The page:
# Homework Help: Need help with a Slope problem

1. Sep 23, 2007

### rbm003

Need urgent help with a Slope problem

1. The problem statement, all variables and given/known data
A plane is traveling at a constant velocity at 30 degrees above the horizontal. Weight (W)=86 500 N; thrust (T)=103 000 N. Find the lift force and the resistance force (L= normal force, R=friction) without shifting the cartesian coordinate system

2. Relevant equations
sum of the forces in the x=ma, sum of the forces in the y=ma. a=0.

3. The attempt at a solution
I have set up the problem with x dir: T cos(30) - L sin(30) - Rcos(30)=ma and y dir: W - T sin(30) + L cos(30) - R sin(30)=ma and ma=0. R in the y dir is negative. Is R in the y dir equivalent to mg? I'm stuck with too many variables in my equation. Any help would be greatly appreciated.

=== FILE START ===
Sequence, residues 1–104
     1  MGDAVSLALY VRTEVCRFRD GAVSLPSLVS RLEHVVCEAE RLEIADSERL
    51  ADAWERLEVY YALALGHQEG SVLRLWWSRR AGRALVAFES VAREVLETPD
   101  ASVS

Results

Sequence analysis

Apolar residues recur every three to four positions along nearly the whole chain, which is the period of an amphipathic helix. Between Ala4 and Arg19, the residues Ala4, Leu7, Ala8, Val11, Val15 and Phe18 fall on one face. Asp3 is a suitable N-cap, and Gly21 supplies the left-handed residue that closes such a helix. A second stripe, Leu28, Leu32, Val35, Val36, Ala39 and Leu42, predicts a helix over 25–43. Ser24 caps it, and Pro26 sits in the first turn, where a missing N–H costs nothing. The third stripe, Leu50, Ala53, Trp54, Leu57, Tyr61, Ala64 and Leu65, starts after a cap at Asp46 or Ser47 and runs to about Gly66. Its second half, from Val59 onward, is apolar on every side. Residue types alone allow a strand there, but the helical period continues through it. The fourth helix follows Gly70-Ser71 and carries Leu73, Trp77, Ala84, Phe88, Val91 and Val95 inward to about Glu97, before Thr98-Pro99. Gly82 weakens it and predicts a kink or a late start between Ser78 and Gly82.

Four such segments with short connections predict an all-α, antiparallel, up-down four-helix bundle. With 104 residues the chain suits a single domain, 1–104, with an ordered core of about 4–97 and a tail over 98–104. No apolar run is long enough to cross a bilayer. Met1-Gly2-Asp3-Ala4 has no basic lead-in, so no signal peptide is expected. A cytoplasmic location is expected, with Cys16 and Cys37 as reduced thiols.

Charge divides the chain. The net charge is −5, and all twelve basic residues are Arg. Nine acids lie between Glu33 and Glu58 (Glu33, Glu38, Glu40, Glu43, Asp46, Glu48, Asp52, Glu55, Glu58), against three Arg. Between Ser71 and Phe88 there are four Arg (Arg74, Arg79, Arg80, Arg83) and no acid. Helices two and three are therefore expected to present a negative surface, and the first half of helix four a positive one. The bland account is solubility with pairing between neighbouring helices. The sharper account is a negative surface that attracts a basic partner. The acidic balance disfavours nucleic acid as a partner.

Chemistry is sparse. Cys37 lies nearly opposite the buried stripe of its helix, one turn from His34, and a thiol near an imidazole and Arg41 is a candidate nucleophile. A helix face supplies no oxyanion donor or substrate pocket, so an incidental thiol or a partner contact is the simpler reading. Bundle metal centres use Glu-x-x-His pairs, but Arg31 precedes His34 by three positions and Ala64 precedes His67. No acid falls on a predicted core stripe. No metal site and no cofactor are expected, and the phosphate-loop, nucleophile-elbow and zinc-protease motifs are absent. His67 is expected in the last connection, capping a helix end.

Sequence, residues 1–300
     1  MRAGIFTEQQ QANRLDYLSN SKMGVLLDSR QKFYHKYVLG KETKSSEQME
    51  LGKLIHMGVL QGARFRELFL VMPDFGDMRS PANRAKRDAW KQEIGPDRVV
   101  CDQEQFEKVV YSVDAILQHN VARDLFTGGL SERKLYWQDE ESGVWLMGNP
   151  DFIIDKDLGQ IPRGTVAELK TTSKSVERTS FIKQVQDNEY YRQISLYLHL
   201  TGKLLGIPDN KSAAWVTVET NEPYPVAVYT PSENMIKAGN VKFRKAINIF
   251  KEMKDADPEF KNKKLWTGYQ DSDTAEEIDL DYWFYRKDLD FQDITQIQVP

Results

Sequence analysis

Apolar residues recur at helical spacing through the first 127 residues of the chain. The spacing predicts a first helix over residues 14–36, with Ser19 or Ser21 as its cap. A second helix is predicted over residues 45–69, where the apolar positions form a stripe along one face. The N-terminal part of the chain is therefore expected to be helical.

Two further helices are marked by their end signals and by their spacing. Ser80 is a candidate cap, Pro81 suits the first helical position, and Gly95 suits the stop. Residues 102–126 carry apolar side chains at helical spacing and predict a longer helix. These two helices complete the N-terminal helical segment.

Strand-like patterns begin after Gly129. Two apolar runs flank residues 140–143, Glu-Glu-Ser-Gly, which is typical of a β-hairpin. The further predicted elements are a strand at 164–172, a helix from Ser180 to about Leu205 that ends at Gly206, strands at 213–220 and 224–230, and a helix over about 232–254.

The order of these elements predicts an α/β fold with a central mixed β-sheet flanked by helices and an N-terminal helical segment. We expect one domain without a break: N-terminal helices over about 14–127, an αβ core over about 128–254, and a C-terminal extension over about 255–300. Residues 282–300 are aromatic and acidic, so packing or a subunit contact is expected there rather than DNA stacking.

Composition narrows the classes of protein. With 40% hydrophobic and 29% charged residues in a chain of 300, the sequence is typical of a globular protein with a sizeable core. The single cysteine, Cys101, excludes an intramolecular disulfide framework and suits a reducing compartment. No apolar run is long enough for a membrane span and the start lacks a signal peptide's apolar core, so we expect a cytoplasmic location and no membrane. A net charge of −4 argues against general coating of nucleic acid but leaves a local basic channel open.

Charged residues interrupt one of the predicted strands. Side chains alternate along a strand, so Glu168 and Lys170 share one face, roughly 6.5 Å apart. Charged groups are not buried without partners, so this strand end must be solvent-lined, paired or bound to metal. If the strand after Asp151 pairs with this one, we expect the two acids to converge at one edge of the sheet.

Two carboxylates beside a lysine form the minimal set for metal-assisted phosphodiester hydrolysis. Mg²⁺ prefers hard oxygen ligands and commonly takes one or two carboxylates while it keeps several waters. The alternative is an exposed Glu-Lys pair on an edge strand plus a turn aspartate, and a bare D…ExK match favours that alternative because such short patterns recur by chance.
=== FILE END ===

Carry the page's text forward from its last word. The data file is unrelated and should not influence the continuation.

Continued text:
1. The problem statement, all variables and given/known data

2. Relevant equations

3. The attempt at a solution

2. Sep 23, 2007

### Astronuc

Staff Emeritus
W = mg and it acts directly downward. Lift acts vertically. Resistance (Drag) acts in opposition to motion, or against the thrust.

See - http://www.grc.nasa.gov/WWW/K-12/airplane/forces.html

http://www.grc.nasa.gov/WWW/K-12/airplane/presar.html
By convention take T and L to be positive, and R and W (= mg) to be negative.

which gives the condition for straight (horizontal) flight.

3. Sep 23, 2007

### rbm003

I understand the concepts as you explained them. My problem is that I connot tilt the x,y axis to solve the problem with information I have. Therefore, I am trying to use trig functions to solve for T and R, which are not directly on the x and y axis. The only compnent that is on the x and y axis is W. Since R in the y direction is negative, can I use mg to solve R (in the y direction) sin (30)?

4. Sep 23, 2007

### rbm003

Anyone?

5. Sep 23, 2007

### Astronuc

Staff Emeritus
What does the text say about lift (L). According to NASA's site, L is vertical and balance against weight. The thrust (T) and drag or resistance (R) are oriented along the axis of the aircraft.

So that would imply L = W and T = R for cruising or constant velocity.

6. Sep 23, 2007

### rbm003

Thank you!! That is exactly the information I needed!! The problem worked out great.